The exhibition Le monde comme il va (translated as “the world as it goes”) at the Bourse de Commerce, exclusively featuring works from the Pinault Collection, showcases the depth, vitality, and diversity of contemporary art. Curated by Jean-Marie Gallais, the exhibition draws from established figures like Maurizio Cattelan and Damien Hirst to younger artists such as Anne Imhof and Salman Toor, reflecting the museum's commitment to art that engages with the contemporary world, as the title indicates. Through powerful images, the exhibition presents a nuanced exploration of the complexities of the present, echoing Voltaire's philosophical tale of the same name. Visitors are invited to navigate through a spectrum of emotions and themes, from the ironies to the violence of the current state of the world, reflected in artworks spanning from the 1980s to today. Kimsooja's monumental intervention in the museum's Rotunda, utilizing a massive circular mirror, further amplifies the exhibition's exploration of reality and perception. Le monde comme il va not only captures the turbulence of today's world but also reflects the Pinault Collection's ongoing dedication to presenting a kaleidoscopic and dynamic vision of contemporary art. Discover it at the Bourse de Commerce until September 2nd.

Vue de l’exposition « Le monde comme il va », Bourse de Commerce – Pinault Collection, Paris, 2024

© Tadao Ando Architect & Associates, Niney et Marca Architectes, agence Pierre-Antoine Gatier. Photo : Florent Michel / 11h45 / Pinault Collection

Théodore Rousseau: la voix de la forêt
at the Petit Palais
The Petit Palais presents an unprecedented exhibition dedicated to Théodore Rousseau (1812-1867), a bohemian and modern artist who made nature the central motif of his work, his world, and his refuge. Admired by young impressionists and photographers who followed his footsteps into the forest, Rousseau exemplifies the vitality of landscape painting amid a century marked by industrial revolution. The exhibition brings together nearly a hundred artworks from major French and international museums as well as private collections, underscoring Rousseau's rightful place in art and landscape history. His meticulous observation of nature, evident in studies of tree trunks, rocks, undergrowth, and marshes, underscores the uniqueness of his artistic approach, which eschews geometric perspective to immerse the viewer in the ecosystem itself. The exhibition also sheds light on Rousseau's paintings in the Fontainebleau forest and his influential role among artists and photographers in Barbizon village, where he settled in 1847. Credited to be the founder of the Barbizon school, in many ways a direct precursor to Impressionism, Rousseau’s influence is analyzed in detail in this necessary and revealing exhibition. Immerse yourself in nature through painting at the Petit Palais until July 7th.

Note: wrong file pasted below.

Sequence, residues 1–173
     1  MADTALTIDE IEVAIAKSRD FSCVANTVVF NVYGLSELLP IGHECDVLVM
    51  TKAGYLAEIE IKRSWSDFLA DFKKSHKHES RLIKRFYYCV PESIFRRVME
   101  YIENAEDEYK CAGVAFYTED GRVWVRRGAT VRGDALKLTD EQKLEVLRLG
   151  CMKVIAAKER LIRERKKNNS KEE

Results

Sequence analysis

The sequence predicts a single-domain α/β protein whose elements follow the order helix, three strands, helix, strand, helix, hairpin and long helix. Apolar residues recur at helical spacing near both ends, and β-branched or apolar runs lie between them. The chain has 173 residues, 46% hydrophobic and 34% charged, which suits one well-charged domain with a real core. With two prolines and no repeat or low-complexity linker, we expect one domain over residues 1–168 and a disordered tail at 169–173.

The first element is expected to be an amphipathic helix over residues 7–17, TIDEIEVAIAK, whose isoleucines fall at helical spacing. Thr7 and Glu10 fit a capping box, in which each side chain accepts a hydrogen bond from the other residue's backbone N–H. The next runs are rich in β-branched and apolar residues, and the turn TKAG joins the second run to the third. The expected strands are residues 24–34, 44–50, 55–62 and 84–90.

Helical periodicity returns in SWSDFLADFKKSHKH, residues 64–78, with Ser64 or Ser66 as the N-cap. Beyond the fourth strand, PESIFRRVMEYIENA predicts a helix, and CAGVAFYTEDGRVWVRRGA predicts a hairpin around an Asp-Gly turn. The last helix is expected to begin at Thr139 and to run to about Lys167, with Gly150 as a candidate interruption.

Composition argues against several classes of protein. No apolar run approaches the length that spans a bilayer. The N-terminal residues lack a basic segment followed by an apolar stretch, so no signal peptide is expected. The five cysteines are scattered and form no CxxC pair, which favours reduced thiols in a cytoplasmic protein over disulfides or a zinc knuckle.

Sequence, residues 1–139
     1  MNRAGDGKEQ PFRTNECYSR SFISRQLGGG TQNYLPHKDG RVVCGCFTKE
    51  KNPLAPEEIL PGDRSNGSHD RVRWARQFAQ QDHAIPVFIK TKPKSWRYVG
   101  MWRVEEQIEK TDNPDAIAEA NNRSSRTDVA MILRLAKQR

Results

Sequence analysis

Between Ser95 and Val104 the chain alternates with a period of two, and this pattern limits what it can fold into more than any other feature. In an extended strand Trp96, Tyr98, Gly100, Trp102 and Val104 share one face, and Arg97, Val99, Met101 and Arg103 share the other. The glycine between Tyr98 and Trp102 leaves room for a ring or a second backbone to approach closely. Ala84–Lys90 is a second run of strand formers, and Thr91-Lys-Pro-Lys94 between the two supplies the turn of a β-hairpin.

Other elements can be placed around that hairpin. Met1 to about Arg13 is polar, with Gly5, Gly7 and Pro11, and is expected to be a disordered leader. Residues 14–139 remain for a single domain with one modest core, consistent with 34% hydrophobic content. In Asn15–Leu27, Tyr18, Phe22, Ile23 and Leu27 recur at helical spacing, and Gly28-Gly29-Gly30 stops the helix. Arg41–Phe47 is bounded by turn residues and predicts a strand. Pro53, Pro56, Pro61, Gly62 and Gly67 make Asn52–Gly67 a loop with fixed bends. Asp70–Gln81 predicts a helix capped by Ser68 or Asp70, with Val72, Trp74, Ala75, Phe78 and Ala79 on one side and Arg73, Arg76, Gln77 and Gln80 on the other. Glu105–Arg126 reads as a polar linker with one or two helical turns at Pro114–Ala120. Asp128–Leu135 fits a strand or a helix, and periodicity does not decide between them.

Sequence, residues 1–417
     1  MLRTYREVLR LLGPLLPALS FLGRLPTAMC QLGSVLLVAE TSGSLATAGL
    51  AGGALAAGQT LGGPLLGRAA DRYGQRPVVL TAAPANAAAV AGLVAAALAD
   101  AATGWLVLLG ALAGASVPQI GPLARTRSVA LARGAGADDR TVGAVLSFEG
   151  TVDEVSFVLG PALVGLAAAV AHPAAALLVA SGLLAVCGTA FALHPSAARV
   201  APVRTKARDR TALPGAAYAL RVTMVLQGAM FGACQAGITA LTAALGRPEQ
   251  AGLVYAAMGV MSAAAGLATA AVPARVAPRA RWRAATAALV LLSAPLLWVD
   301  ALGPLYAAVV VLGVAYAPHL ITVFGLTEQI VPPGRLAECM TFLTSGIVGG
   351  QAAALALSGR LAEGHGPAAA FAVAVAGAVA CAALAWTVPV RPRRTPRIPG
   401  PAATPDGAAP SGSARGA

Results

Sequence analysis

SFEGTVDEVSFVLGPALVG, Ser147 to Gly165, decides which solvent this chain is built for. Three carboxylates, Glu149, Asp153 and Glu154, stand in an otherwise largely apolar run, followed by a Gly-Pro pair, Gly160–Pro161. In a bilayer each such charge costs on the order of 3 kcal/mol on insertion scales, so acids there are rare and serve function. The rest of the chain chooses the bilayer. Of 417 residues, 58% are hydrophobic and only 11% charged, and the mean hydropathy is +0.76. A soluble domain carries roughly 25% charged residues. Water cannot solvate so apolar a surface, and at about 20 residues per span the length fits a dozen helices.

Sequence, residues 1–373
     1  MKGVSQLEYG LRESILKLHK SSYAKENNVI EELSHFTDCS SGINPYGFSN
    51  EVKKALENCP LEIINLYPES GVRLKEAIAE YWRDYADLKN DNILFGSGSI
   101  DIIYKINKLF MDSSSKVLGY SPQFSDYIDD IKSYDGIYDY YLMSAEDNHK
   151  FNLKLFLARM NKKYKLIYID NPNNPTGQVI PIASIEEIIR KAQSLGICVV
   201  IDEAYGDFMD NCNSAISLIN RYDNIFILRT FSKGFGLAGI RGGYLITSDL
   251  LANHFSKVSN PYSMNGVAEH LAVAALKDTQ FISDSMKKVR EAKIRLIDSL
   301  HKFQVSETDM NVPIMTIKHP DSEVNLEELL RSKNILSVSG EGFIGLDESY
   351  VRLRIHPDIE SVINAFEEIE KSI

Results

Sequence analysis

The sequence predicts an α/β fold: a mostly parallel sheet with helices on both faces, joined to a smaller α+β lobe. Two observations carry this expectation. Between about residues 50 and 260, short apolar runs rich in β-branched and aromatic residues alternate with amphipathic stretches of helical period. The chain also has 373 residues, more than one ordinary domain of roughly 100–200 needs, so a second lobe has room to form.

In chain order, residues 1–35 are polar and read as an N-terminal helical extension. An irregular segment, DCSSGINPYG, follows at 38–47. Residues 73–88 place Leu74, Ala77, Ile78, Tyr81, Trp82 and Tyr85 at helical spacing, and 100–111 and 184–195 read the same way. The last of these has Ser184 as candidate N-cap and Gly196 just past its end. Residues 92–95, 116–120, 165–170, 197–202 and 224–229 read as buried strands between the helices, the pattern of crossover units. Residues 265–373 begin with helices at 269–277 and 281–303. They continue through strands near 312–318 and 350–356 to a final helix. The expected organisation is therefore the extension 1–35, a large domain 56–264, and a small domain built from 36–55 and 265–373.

Théodore Rousseau, Arbre dans la forêt de Fontainebleau, 1840-1849
Photo © Image Victoria and Albert Museum, London

The Mexica: Gods and Offerings at Templo Mayor
at the Musée du Quai Branly
The current exhibition at the Musée du Quai Branly – Jacques Chirac showcases for the first time in Europe the recent archeological findings from extensive excavation conducted at the main temple of the Mexica civilization, the Templo Mayor. Initiated after the discovery of Tenochtitlan's remains in Mexico City in 1978, the Templo Mayor Project (INAH) aims to reveal the full extent of this previously unknown site. The exhibition at Musée du Quai Branly - Jacques Chirac unveils the Templo Mayor Project's discoveries, revealing 209 offerings dedicated to divinities with precise ritual placement. Through symbolic arrangements of minerals, plants, animals, and human beings, these offerings shed light on the Mexica society's political, economic, and religious complexities, showcasing artistic excellence and expansionist endeavors. Displaying sculptures like the terracotta statue of Mictlantecuhtli and the Sun Stone's 3D reproduction, the exhibition portrays Mexica religious beliefs and cosmology. It also examines contemporary practices of offering to earthly and divine powers in Mexico. With nearly 500 works, many never before seen in Europe, the exhibition provides immersive insight into Mexica civilization, its beliefs, and its archaeological legacy. Discover this unprecedented show at the Musée du Quai Branly - Jacques Chirac until September 8th.

Olla Tláloc
Photo: © D.R. Secretaría de Cultura-INAH-MEX. Museo del Templo Mayor

LIVING GODS: Icelandic Brushstrokes on Classical Mythology at the Galerie de Buci
We couldn’t end the article without mentioning our very own exhibition at the Galerie de Buci: LIVING GODS by Reinar Foreman, an emerging Icelandic painter. What happens when we look at stories from the past while keeping in mind our contemporary sensibilities? Reinar Foreman seems to answer the very question, regarding classical mythology, both in essence and in form, to reinterpret it for a modern-day audience. Although his young age would suggest otherwise, Reinar Foreman appears to have found a distinctive and appealing style, drawing inspiration from masters like Francis Bacon but never losing his own voice in the portrayal of his subjects. Evidenced by the confluence of themes and styles that come to mind when analyzing the paintings in LIVING GODS, his is a unique approach to painting—a quick-tempered yet disciplined one, in which experimentation does not put a brake on the painter’s gestural confidence, visible in his clear, direct brushstrokes. established a series conceived after his selection of powerful and recognizable parts of ancient mythology, ranging from Olympian deities such as Apollo or Dyonisos, to myths such as the stories of Apollo and Daphne or the Abduction of Proserpina. In these, Reinar Foreman is able to synthesize the world-famous composition of a sculpture by Bernini with his own distinctive style. Find it at the Galerie de Buci until May 16rh.

Reinar Foreman, Apollo and Daphne, 2024
Photo: Galerie de Buci

These are just a glimpse of the vibrant art scene in Paris, with exhibitions ranging from modern sculpture to contemporary art and ancient civilizations. Whether you're a seasoned art enthusiast or simply curious to explore new cultural horizons, Paris offers an unparalleled array of artistic experiences waiting to be discovered. Paris' museums offer arguably one of the world's most complete cultural experiences, all concentrated along the two banks of the Seine, and this season's exhibitions are a must-see!